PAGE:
Checklist to Survive a Nuclear Winter

 

Last week, we looked at obsession, but obsession is like last week. The gorilla suit has been put away, candy corn has left us with orange, waxy tongues, and sweet wrappers litter our autumn-barren hedges. This week, I’m happy as a dog snout in a just-used litter box to get the simile party started. Merriam-Webster’s take on simile: A figure of speech comparing two unlike things that is often introduced by like or as, (e.g., cheeks like roses, as brave as a lion, happy as a dog snout in a just-used litter box).

Two options, one for a fiction exercise, the second for poetry or even a creative nonfiction piece:

Create a simile with the Serendipitous Simile Generator. Click the generator’s buttons until you create a simile that you can use to describe a character you create. Write a story or a descriptive paragraph about your character, using the simile somewhere in your story or description.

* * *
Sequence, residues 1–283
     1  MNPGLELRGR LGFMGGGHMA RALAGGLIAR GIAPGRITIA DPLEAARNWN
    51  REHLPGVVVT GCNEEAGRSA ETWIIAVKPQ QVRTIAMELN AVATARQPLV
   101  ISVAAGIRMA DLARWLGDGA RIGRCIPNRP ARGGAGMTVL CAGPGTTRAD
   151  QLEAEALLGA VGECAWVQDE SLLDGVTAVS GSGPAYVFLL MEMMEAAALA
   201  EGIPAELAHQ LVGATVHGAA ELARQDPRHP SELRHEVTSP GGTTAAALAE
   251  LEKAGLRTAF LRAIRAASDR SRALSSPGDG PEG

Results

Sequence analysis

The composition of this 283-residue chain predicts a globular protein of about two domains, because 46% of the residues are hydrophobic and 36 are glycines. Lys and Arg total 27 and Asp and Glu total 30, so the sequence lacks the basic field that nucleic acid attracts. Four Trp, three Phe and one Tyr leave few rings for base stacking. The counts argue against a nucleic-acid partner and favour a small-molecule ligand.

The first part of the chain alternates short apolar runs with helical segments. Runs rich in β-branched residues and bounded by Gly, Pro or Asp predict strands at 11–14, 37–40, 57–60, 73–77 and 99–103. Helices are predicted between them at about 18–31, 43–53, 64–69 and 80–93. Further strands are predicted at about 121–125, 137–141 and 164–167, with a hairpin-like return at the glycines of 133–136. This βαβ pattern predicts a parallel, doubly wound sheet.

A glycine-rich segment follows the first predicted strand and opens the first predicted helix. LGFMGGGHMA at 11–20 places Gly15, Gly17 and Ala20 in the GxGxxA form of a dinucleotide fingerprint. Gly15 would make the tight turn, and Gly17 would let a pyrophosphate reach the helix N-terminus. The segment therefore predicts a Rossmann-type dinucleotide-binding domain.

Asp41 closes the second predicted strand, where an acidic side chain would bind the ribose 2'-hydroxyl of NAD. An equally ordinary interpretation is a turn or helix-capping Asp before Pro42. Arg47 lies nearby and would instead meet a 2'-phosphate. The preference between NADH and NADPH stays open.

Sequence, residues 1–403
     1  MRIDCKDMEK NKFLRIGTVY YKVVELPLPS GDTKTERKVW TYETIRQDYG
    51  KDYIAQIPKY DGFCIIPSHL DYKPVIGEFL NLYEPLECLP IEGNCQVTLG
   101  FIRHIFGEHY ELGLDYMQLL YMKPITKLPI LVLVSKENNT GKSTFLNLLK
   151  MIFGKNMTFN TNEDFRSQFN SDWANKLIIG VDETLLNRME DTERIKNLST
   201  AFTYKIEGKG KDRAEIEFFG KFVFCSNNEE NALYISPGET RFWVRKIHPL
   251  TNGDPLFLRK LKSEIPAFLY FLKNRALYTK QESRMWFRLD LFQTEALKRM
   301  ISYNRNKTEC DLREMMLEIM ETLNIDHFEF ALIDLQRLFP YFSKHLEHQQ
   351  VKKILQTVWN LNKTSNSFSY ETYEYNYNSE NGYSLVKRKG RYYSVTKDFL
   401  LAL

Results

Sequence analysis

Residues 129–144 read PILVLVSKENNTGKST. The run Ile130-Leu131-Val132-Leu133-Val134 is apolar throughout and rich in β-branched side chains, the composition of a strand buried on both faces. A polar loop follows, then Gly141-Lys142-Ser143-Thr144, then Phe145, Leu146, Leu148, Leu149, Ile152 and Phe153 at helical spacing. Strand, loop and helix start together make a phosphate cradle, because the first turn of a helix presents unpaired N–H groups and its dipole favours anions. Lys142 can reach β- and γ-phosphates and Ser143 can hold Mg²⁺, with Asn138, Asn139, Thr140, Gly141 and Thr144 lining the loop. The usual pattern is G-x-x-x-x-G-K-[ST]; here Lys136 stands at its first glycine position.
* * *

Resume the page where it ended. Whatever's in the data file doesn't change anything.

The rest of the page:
Or

*Make a list of objects. One thing should be from your desk, one from your closet, one a body part, one a thing you covet that belongs to someone else, one enormous, one slippery, and at least one that makes an odd or evocative sound. Now, describe each using a simile. Do this twice for each one. Using as many of the similes as you can, write a poem with a title such as “Checklist to Survive a Nuclear Winter” or “Things That Have Nothing To Do With Grief.”Prop 37 video on Voice of Art - with Nuclear W...

 


*From Poets & Writers, “The Time is Now,” Jan. 24, 2011

 

 

 

 

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